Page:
Friday, October 22, 2004

Conservatism and terrorism

It should really come as no surprise that there are links to social conservatives and terrorists. After all, in the extreme, social conservatives have become fundamentalist terrorists (think, bombing abortion clinics, bombing Oklahoma federal buildings, etc.).

Abdal-Hakim Murad makes the case that suicidal terrorism has it's philisophical roots in Western thought and not in traditional Muslim philosophy. It's a fascinating, long read that is well worth grappling with.

The targeting of civilians is more Western than otherwise; contemplating the Ground Zero of a hundred German cities, this can hardly be denied. Yet it will be claimed that suicidal terrorism is something new, and definitively un-Western. Here, we are told by xenophobes on both sides, the Islamic suicide squads, the Black Widows, the death-dealing pilots, are an indigenously Islamic product. And yet here again, when we detach ourselves from the emotive chauvinism of the Islamists and their Judeo-Christian misinterpreters, we soon find that the roots of such practices in the Islamic imagination are as recent as they are shallow. The genealogy of suicide bombing clearly stretches back from Palestine, through Shi‘a guerillas in southern Lebanon, to the Hindu-nativist zealots of the Tamil Tigers, and to the holy warriors of Shinto Japan, who initiated the tradition of donning a bandanna and making a final testament on camera before climbing into the instrument of destruction. The kamikaze was literally the 'Wind of Heaven', a term evocative of the divine intervention which destroyed the Mongol fleet as it crossed the Yellow Sea.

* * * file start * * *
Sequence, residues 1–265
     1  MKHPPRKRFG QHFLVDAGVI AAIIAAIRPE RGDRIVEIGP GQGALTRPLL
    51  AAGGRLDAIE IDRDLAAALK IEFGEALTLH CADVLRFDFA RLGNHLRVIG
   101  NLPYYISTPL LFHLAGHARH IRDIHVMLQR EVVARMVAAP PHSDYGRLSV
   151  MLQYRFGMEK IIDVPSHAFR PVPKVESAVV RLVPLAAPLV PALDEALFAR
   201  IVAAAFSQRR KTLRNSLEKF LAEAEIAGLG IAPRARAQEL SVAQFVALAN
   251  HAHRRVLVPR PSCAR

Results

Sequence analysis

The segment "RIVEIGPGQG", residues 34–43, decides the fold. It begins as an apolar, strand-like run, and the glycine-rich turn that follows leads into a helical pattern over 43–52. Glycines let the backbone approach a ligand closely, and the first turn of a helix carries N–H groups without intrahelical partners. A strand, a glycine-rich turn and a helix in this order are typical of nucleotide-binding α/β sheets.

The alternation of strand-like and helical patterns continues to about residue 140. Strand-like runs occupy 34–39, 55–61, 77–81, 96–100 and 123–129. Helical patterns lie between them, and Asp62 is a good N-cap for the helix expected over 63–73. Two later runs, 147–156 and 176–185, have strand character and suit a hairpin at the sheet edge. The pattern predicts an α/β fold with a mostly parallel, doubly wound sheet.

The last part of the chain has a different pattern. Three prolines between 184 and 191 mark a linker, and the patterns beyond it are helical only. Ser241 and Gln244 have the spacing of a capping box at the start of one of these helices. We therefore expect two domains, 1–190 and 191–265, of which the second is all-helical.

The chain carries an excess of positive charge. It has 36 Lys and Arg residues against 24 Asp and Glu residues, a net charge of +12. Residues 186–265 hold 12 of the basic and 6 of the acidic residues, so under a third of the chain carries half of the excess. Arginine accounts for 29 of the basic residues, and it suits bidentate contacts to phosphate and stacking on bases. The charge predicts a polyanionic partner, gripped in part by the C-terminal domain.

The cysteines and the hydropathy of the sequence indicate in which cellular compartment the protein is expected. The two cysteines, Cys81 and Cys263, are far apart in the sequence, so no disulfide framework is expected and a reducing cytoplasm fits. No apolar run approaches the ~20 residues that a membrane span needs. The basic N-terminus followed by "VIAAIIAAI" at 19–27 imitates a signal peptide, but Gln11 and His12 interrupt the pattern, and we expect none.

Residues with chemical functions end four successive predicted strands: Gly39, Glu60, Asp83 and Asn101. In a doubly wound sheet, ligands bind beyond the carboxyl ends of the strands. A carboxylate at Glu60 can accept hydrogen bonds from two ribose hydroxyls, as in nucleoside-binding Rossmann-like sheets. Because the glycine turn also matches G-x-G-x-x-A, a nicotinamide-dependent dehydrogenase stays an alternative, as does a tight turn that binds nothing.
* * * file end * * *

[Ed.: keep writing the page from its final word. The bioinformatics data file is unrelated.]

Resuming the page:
As this article appears, a film is about to be shown in the BBC titled The Power of Nightmares. The Guardian interviews the writer and producer of the documentary, Adam Curtis. He set out originally to produce a film on the rise of the American conservative movement and while doing so, found ties between it and and the philosophical underpinnings of Islamic fundamentalism. This article is shorter than the first, but together they provide an analysis we are unlikely to hear from mainstream media. Certainly in America, these thoughts would be out of bounds for most.

Straussian conservatism had a previously unsuspected amount in common with Islamism: from origins in the 50s, to a formative belief that liberalism was the enemy, to an actual period of Islamist-Straussian collaboration against the Soviet Union during the war in Afghanistan in the 80s (both movements have proved adept at finding new foes to keep them going). Although the Islamists and the Straussians have fallen out since then, as the attacks on America in 2001 graphically demonstrated, they are in another way, Curtis concludes, collaborating still: in sustaining the "fantasy" of the war on terror.

Via Shaula.

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